Two years after we reported the “moving coffin” school bus, things are worse

Children drop out of school because of scholar transport chaos

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Learners from Nkandla township in Gqeberha queue for scholar transport. Photo: Mkhuseli Sizani

  • Despite growing numbers of people being relocated to Nkandla township in Gqeberha, it has no school.
  • Government’s inadequate and unsafe scholar transport means many children don’t get to school and fall behind or drop out.
  • Eastern Cape education spokesperson promises the transport situation will be rectified from 1 April.

Parents from RDP houses and seven informal settlements in Nkandla township, Gqeberha, say the community is big enough and ought to have its own primary school. They are also fed up with the Eastern Cape government’s unreliable transport.

The education department says it has no money to build a school and has promised to make sure all the learners are ferried to Spencer Mabija Combined School in KwaMagxaki, three kilometres away.

Parents say they have to wake up as early as 3am on school days. They carry knives, sticks and whistles for their protection as they set off in the dark on foot for the bus stop to queue for their children. They go early, hoping to ensure a place for their child on government’s scholar transport. But many learners are left behind and miss school.

On Tuesday, at 5am there was already a row of about 40 school bags and stones used to mark places in the queue. At 6am learners from grade R to 7 started to claim their positions in the line. Some parents rushed off to catch taxis for work; others remained behind, many still in their pyjamas.

But the 56-seater bus never arrived. Instead, we saw learners crammed like sardines into minibus taxis that were in poor condition. There were two 15-seater taxis for about 60 children. It was after 8am. Parents say the bus is almost always late and in the current school year didn’t come at all for three weeks.

“Single parents are the most affected ones because they can’t wake up early and walk about four kilometres to come and queue. Only those who have husbands or male siblings are always able to secure seats for their children,” said Phila Veto, a father of three learners who volunteers as a queue marshal.

“We then decided to accommodate them. For learners who are left behind [by the bus] we take a collection of R2 in order to get them public taxis. But sometimes there is no money to do that,” said Veto.

There are about 4,500 RDP households and each of the seven informal settlements has over 1,400 shacks.

Veto said people were relocated by the Nelson Mandela Bay Municipality from various wetlands to ward 41, a place without a school. The nearest school, Joe Slovo Primary, is overcrowded.

Veto said the principal of Spencer Mabija Combined School said they should register their children at her school because it had declining numbers. “She promised us scholar transport and we all liked the idea and enrolled our children at the school,” said Veto.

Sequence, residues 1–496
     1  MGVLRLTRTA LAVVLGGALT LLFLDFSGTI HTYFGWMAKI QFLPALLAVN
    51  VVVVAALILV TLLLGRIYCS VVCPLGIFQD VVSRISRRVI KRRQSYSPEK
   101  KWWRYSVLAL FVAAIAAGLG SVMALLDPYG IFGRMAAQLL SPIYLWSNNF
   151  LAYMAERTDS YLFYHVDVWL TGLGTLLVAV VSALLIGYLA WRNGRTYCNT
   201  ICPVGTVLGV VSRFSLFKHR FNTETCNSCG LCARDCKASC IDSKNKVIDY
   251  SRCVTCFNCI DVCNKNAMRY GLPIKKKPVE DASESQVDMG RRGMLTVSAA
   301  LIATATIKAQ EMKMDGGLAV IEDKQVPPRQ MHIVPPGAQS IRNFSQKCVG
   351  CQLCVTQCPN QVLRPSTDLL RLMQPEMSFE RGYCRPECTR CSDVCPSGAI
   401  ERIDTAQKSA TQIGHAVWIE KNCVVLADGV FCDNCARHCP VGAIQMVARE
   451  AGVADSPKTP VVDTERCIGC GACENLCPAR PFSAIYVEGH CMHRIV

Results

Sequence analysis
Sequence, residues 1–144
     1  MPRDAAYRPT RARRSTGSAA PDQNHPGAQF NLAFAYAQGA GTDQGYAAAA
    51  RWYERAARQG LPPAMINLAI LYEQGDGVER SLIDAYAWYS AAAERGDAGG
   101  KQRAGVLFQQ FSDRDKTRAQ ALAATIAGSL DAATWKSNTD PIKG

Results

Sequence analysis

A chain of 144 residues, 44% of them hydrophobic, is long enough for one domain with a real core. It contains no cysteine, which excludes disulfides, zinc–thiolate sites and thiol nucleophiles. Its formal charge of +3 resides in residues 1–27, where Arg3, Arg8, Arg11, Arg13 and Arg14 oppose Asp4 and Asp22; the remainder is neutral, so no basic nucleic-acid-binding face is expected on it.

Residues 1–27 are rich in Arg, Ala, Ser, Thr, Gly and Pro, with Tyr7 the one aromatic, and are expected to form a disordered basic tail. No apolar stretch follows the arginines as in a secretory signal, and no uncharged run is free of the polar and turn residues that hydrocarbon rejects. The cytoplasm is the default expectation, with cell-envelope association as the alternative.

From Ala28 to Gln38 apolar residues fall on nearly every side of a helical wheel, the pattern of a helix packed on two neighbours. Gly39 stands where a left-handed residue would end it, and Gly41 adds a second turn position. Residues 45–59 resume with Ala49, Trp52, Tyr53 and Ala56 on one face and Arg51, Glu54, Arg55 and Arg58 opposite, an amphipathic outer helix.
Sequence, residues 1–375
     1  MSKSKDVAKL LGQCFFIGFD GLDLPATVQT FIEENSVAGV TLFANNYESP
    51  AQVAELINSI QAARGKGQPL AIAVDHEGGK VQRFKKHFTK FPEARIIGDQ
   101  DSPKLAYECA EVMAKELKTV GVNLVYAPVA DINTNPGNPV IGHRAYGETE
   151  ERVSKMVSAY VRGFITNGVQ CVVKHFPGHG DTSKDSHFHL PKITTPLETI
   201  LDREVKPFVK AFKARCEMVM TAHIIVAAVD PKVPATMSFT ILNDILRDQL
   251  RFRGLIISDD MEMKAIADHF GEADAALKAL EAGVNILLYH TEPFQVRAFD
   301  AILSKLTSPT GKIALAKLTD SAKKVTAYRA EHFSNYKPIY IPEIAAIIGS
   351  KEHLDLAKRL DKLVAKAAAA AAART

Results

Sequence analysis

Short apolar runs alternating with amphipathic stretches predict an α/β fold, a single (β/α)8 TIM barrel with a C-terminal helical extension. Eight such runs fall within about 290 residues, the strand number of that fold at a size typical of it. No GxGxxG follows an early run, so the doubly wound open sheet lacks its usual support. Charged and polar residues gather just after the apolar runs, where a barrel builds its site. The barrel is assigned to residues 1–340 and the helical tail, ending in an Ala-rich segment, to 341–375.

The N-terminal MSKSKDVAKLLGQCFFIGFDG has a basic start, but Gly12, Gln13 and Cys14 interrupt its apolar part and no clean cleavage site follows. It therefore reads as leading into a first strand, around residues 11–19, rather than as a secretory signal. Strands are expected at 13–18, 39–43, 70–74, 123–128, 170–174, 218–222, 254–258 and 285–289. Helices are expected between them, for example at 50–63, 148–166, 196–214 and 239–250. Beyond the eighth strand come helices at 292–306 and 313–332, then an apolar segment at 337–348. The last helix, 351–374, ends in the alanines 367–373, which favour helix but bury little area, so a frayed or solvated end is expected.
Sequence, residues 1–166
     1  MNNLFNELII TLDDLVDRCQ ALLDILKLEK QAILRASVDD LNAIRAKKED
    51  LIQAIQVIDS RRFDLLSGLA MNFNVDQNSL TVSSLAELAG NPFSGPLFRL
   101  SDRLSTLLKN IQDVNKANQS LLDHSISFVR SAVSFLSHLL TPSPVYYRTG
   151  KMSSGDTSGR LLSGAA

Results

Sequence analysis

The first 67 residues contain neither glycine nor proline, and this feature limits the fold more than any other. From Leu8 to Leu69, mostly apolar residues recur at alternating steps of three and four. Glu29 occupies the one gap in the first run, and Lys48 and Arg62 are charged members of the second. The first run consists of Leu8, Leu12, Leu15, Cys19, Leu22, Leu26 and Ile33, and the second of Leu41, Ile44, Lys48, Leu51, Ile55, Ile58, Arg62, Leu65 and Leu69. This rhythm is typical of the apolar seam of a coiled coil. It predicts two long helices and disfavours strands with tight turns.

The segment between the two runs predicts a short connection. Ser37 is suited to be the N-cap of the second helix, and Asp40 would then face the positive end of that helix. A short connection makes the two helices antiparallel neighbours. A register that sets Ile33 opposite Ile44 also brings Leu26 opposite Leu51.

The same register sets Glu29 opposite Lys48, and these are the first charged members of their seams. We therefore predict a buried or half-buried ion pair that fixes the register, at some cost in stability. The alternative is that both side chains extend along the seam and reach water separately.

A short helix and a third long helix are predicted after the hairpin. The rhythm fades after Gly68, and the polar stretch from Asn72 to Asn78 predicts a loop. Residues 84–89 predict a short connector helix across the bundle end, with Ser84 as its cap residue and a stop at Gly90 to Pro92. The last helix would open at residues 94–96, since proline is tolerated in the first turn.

In February 2020, we wrote about Nkandla parents refusing to let their children board a scholar bus which they called a “moving coffin”. A new transport contract was awarded, but the situation is even worse according to the parents.

Ntomboxolo Nyendwana, a single parent, said, “How can a five to 13-year-old wake up very early in the morning and queue?”

“Most of the days we keep our children at home because the transport is full or does not arrive. I wake up at 3am every day and queue here for my two children.” She marks the place with a stone. “Then around 5am I go back home to prepare my children for school because the bus sometimes arrives at 6am or 8:30am,” she said.

“Many parents decided to hire their own transport for R250 to R300 a month to avoid this chaos,” she said.

“On 7 February we visited the Eastern Cape Department of Education district offices to lay our complaints about this scholar transport and a lack of a school,” said parent Andiswa Njajula. “The district said we should ask for the school from the provincial Department of Education. It then referred us to the Department of Roads and Transport.”

She said the transport department promised to investigate, but “nothing has changed and our children are still suffering”.

Melikhaya Mpofu, a community leader and former ward committee member, said, “We have about 3,500 primary school learners who study outside of this ward due to a lack of a primary school. Then we have a huge dropout rate because many learners end up quitting the school because of this scholar transport problem.”

Provincial Education spokesperson Malibongwe Mtima said, “The Department is aware of the situation. On 1 April new contracts will kick in and the school will get a new budget to ferry the learners.

“Due to financial constraints we don’t have any plans to build a new school. But we will make sure all the learners are ferried to school.”

TOPICS:  Education Transport

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